People With Dementia At Greater Heart Attack Risk
A new study from Japan has found that elderly people who are suffering from “cognitive impairment” (such as dementia) suffer more serious outcomes from heart attacks compared with people who are not suffering from such diseases. The study, Medical News reports, considered 136 patients who were aged 65 years or over with heart failure.
These patients were admitted to the Kameda Medical Centre (in Japan). From these subjects, the researchers discovered that people with cognitive impairment had around an eight-times greater risk of all-cause death and heart failure readmission compared with those who were not suffering from neurodegenerative conditions.
One reason is because heart failure patients, with cognitive impairment, often become worse, over time, at adhering to medications. Lead scientist Hiroshi Saito, a physiotherapist at Kameda Medical Centre, is quoted by Zenopa as saying: “Clinicians need to be more aware of the cognitive status of their heart failure patients and families can play an important role in ensuring that patients take their medication, get some exercise and eat well.”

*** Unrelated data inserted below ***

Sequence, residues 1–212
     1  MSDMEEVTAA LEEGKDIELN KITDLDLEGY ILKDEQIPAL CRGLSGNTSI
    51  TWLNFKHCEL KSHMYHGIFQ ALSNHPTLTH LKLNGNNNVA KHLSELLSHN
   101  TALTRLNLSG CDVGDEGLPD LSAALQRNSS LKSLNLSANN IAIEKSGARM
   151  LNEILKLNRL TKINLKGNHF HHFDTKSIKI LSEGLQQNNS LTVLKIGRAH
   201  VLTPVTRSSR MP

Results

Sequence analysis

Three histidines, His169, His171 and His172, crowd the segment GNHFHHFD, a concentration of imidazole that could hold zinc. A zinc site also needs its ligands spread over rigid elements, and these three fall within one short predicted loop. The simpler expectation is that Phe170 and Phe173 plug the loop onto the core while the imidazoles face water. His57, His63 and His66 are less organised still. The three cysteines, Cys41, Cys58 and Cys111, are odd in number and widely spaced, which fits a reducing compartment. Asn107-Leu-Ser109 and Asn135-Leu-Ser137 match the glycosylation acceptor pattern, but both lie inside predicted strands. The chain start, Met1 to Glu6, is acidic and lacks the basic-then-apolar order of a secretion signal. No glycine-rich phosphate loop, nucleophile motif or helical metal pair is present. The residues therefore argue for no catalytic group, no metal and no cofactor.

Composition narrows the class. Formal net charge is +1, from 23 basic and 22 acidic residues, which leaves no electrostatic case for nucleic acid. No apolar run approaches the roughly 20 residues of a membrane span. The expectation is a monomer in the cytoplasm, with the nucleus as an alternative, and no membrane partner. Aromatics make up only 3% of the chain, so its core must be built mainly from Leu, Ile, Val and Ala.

The findings of the study are being presented at Heart Failure 2015. The study is only based on a small sample of people from a specific area; nonetheless the results are of sufficient interest to trigger larger, follow-up studies.